Slack's Insufficient Security Measures

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Slack's Insufficient Security Measures
Short Title Slack Applies Insufficient Security Measures
Location Global
Date July 2019

Taxonomy Insecurity, Secondary Use
Information Identifying, Contact, Communication, Computer Device, Professional, Social Network, Authenticating
Threat Actors Slack Technologies Inc., Companies that use slack for corporate communication, Law Enforcement

Affected Users of Slack
High Risk Groups Employees
Secondary Consequences

Slack was found to have insufficient security measures, failing to encrypt user data, and having unfair data retention policies.


According to Slack’s S-1 form, the company faces threats from “sophisticated organized crime, nation-state, and nation-state supported actors.”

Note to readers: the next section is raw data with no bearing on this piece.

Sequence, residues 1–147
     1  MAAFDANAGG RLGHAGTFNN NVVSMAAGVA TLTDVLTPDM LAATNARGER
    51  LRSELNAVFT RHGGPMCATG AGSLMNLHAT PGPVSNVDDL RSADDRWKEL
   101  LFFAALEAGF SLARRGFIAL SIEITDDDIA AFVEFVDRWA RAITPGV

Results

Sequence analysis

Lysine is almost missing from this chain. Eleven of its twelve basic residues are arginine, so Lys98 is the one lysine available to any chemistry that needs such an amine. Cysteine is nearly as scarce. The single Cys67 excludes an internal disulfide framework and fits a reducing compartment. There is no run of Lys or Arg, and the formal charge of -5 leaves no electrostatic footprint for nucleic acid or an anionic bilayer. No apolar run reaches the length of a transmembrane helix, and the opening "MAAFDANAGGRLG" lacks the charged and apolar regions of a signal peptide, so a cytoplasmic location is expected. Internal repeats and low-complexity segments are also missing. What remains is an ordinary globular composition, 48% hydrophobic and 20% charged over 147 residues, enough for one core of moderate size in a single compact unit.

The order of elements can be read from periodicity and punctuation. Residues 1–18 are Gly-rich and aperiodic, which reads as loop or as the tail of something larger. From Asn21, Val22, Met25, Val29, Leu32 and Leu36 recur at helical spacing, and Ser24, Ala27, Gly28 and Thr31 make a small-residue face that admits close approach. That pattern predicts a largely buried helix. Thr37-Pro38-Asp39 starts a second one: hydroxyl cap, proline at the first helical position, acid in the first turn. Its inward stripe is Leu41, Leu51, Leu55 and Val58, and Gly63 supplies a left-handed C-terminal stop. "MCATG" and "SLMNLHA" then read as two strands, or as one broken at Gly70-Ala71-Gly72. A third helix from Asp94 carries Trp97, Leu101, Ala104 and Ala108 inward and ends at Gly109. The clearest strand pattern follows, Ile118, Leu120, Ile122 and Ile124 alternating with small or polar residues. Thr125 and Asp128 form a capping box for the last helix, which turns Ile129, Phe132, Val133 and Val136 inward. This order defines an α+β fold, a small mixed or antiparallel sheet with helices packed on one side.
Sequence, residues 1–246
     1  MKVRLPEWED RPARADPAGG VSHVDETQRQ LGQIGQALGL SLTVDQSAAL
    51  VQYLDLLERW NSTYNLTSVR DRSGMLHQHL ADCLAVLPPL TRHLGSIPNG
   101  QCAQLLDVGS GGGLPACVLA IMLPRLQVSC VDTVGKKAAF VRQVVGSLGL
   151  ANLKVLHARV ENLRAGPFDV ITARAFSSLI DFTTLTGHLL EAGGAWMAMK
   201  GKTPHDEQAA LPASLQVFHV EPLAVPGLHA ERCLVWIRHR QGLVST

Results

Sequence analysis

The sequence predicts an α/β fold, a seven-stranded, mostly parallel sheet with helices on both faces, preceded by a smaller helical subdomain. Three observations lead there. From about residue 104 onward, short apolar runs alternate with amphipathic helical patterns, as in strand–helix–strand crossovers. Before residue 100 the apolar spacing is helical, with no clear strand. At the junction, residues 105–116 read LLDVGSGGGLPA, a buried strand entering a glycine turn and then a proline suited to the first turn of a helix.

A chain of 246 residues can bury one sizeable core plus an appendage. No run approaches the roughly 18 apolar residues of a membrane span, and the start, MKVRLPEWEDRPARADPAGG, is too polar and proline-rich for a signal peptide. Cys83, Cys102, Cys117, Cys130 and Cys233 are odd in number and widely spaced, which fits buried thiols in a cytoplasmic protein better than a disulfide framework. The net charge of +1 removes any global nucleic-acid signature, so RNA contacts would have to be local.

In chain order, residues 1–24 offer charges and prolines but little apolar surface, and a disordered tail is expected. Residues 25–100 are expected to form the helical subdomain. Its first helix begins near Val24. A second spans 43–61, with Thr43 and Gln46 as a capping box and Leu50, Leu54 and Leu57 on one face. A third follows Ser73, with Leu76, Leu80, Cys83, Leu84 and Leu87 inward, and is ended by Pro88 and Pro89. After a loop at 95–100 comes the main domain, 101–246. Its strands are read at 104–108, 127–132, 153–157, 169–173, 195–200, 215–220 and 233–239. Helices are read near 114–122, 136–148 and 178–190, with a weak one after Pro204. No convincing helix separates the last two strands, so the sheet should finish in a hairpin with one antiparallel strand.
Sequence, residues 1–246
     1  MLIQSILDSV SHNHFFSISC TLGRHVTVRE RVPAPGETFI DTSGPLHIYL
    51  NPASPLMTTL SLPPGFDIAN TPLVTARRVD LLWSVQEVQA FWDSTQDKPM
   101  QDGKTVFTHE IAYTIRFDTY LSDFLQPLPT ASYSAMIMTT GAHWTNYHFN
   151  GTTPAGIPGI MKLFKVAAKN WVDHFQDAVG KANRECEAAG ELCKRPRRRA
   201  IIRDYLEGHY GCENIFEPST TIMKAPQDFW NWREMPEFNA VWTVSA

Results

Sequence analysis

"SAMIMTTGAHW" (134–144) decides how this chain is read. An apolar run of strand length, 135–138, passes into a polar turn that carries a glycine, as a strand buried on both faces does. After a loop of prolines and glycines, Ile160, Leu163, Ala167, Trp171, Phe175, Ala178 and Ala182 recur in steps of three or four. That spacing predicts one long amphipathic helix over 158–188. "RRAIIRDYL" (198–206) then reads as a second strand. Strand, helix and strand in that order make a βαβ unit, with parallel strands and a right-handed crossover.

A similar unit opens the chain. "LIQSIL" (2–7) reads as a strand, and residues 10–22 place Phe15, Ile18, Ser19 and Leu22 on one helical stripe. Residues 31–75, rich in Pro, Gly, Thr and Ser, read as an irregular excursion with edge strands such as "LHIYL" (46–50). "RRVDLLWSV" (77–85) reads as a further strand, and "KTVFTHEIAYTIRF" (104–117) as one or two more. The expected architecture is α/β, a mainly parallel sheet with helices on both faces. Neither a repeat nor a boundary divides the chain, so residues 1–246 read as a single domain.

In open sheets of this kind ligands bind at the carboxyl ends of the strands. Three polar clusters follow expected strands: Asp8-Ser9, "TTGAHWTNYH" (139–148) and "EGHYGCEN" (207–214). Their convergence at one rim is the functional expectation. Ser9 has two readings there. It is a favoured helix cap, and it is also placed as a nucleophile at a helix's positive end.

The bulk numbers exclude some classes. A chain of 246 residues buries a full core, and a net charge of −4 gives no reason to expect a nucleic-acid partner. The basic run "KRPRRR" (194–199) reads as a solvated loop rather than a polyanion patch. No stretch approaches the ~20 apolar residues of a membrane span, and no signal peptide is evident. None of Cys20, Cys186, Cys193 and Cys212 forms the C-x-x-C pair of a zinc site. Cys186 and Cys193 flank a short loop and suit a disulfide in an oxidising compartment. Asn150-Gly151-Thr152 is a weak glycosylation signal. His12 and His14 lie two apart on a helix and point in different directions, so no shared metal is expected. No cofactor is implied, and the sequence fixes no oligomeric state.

The company acknowledges that its security measures “may not be sufficient to protect Slack and our internal systems and networks against certain attacks,” and correctly assesses that it is “virtually impossible” for the company to completely eliminate the risk of a nation-state attack.

Right now, Slack stores everything users do on its platform by default, including usernames and passwords, and all messages.

That data is not end-to-end encrypted, which means Slack can read it, law enforcement can request it, and hackers — including the nation-state actors highlighted in Slack’s S-1 — can break in and steal it. This is an example of Insecurity.

Particularly alarming is that free customer accounts don’t allow for any changes to data retention. Slack retains all of users data but makes only the most recent 10,000 visible to the user. They are stored on Slack servers to keep them ready in case the user decides to upgrade to the paid version. Hiding user communication data from them, and use it as a "bait" to make users pay, can be interpreted as Secondary Use.

Risk Statistics

Laws and Regulations